Firefighting Basics: Getting Water to and on the Fire, Part 2

One firefighter will grab the nozzle and start to walk towards the door of the building or to the fire location

All photos by author

We are continuing our look at engine company operations with getting water to and on the fire. Last time we looked at the steps taken and needed for getting water from the hydrant or water supply to the truck. As basic as this skill is, it is a vital skill to know and to be proficient with so that interruption of suppression efforts is reduced. Now let’s look at the second part of the process evaluation of our “roll in” drill for getting water to and on the fire: advancing the preconnect handline.

Most fire trucks in service today will have at least two preconnected hoselines ready to go when needed. The main purpose of the preconnect hoseline is to reduce the amount of time it takes to take hose off of the truck, roll it out or deploy it out, hook it up to the pump discharge outlet, and then charge the line with water. With the preconnect hoseline, it is just a matter of pulling the hoseline from the hosebed and flaking it out getting it ready for water. These two steps are the focus of our process evaluation for this segment of our drill.


The Initial Line



Training Minutes: The Modified Minuteman

With respect to the preconnect hoseline, there are a few options available for loading the hose. There are variations of the flat load with perhaps a loop or two for easy pulling, or perhaps the Minuteman load with easy pull off and easy deployment. The basic hose load is the flat load with no loops or variations. As you can see in photo 1, the basic flat load will have all the hose ends lined up at the edge of the hosebed. Lying on top of the hose load will be the nozzle. Advancing this basic type of hose load can be done in one of two ways: the right (efficient) way or the wrong (long) way.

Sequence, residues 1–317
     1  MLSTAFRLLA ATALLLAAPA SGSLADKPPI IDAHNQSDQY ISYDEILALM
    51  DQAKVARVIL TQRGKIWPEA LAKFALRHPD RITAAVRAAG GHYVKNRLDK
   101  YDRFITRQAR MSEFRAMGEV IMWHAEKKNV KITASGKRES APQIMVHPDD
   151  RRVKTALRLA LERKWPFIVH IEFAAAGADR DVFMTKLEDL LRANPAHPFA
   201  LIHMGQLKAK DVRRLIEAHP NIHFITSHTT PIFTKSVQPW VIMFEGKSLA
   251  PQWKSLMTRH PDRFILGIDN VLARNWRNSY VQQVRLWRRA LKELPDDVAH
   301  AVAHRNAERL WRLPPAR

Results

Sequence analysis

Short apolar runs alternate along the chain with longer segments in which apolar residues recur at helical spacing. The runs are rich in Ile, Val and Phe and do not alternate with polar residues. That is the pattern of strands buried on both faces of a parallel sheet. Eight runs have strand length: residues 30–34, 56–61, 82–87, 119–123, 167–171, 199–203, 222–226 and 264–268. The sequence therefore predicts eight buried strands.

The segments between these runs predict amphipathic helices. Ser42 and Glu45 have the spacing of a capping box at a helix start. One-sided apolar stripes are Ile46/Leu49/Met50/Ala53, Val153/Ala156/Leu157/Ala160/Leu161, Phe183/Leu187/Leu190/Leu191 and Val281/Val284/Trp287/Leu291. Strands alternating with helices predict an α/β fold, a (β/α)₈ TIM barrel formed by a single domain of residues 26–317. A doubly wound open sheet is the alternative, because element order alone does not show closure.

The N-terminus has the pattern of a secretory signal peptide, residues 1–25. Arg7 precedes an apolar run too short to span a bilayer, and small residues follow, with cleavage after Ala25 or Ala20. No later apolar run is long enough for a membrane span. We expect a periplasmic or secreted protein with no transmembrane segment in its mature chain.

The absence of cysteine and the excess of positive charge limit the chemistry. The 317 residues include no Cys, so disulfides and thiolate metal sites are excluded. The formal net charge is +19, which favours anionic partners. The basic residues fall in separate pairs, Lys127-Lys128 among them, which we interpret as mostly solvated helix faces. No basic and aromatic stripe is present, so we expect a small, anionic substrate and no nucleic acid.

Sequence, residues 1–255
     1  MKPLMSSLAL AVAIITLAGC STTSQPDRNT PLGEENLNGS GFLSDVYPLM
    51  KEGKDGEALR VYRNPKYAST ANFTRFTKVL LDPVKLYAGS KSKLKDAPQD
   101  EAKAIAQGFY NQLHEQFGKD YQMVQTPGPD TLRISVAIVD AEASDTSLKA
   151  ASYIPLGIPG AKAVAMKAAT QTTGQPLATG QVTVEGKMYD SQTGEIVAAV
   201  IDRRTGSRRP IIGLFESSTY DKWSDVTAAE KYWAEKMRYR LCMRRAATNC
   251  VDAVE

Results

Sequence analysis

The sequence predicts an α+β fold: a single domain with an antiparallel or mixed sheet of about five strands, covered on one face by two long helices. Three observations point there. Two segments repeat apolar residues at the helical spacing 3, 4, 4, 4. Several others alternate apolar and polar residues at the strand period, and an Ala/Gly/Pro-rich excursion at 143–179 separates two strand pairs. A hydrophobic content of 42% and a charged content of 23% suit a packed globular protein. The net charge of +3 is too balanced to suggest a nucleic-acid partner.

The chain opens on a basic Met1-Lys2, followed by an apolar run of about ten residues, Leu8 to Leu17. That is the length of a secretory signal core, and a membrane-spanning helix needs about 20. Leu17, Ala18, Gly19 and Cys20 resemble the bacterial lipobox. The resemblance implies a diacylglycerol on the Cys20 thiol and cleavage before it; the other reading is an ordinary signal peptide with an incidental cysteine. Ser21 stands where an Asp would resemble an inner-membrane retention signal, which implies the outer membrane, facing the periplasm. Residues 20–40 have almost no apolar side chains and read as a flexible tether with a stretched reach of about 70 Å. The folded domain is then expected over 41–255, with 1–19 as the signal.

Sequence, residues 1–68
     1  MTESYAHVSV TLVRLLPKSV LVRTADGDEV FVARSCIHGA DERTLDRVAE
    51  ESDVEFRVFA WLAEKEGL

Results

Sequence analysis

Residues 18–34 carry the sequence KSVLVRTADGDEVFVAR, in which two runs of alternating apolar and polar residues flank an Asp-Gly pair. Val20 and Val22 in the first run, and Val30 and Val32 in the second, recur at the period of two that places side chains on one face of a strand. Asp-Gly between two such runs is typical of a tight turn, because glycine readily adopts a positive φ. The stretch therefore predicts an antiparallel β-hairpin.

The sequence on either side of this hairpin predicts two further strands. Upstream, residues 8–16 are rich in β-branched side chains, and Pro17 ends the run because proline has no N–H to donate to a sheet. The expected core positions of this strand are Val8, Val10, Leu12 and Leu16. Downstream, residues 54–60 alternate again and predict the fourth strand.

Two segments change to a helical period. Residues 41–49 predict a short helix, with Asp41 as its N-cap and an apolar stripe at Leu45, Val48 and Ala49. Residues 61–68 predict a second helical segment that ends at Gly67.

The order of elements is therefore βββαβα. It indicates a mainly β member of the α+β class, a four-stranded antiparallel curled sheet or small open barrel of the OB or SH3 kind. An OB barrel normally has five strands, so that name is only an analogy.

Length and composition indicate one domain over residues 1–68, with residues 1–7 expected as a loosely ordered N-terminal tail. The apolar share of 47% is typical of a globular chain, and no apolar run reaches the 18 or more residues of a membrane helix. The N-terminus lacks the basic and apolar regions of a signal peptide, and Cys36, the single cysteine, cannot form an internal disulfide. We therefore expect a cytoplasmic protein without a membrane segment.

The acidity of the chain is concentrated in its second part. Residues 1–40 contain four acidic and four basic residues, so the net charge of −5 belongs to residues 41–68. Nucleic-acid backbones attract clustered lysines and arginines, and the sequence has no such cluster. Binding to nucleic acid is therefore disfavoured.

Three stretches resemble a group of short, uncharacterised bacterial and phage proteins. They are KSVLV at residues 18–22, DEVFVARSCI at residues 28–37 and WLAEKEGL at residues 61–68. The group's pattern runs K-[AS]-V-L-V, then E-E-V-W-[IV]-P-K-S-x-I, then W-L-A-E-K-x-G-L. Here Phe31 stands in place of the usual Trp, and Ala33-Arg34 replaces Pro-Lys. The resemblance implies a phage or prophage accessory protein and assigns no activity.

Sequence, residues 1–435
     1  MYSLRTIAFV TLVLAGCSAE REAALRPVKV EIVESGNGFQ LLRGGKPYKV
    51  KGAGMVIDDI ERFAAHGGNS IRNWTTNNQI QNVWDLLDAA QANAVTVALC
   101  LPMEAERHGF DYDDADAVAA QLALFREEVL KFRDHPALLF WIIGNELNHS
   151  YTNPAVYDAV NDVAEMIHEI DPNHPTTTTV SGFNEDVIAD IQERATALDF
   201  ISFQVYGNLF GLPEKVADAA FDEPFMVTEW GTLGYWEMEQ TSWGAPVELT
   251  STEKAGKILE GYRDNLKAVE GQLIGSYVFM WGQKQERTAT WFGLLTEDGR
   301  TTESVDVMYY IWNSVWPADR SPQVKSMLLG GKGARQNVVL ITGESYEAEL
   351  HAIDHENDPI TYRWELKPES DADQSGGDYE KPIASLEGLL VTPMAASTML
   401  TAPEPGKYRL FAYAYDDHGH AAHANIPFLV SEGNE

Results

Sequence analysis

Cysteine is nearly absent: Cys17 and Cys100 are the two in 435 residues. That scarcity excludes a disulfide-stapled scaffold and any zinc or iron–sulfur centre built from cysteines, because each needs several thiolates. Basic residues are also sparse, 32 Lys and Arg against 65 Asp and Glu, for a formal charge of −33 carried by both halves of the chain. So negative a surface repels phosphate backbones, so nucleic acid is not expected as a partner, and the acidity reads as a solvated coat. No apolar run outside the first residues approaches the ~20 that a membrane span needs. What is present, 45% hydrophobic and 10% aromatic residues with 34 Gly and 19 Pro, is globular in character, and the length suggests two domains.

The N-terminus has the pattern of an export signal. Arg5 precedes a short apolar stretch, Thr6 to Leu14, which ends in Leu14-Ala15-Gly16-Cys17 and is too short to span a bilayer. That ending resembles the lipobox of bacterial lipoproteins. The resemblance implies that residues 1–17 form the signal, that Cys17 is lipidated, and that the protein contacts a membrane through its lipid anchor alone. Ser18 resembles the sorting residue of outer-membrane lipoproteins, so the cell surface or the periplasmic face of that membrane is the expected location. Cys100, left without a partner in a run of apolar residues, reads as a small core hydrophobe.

The basic flat load

The wrong way is what you will see pictured in photo 2 where one firefighter will grab the nozzle and start to walk towards the door of the building or to the fire location. What is happening here is a spaghetti noodle being produced. If a preconnect hoseline contains 200 feet of hose, this will be a very long piece of spaghetti being pulled from the truck just like a spaghetti noodle being produced from a press. This style of hose advancement wastes time and resources.

One firefighter will grab the nozzle and start to walk towards the door of the building or to the fire location

What ends up happening is the nozzle firefighter pulls the hose off with the rest of the hose being pulled by either the backup firefighter or the driver/pump operator. By doing it in this method, the hose takes a while for it to be deployed from off the truck and it takes a while for it to be readied for advancement into the structure. Also, at the door of entry for the attack, the nozzle will be there along with a straight line of hose following behind. This is very inefficient as it will take great effort to advance the line into the building. It will take more work to pull the hoseline in with you because you are pulling the weight of the hose as well as the weight of the water in the hose. Working against the hose advancement is friction, which is produced from the ground on the hose.